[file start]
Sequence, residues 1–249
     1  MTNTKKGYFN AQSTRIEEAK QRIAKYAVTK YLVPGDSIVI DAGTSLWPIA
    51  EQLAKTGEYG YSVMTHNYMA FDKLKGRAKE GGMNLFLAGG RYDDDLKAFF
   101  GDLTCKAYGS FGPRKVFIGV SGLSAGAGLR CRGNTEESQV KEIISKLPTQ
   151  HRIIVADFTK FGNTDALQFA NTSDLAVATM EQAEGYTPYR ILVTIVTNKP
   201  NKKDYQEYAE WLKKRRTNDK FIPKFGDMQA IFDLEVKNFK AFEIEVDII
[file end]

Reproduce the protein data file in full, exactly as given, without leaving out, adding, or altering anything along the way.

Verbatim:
Sequence, residues 1–249
     1  MTNTKKGYFN AQSTRIEEAK QRIAKYAVTK YLVPGDSIVI DAGTSLWPIA
    51  EQLAKTGEYG YSVMTHNYMA FDKLKGRAKE GGMNLFLAGG RYDDDLKAFF
   101  GDLTCKAYGS FGPRKVFIGV SGLSAGAGLR CRGNTEESQV KEIISKLPTQ
   151  HRIIVADFTK FGNTDALQFA NTSDLAVATM EQAEGYTPYR ILVTIVTNKP
   201  NKKDYQEYAE WLKKRRTNDK FIPKFGDMQA IFDLEVKNFK AFEIEVDII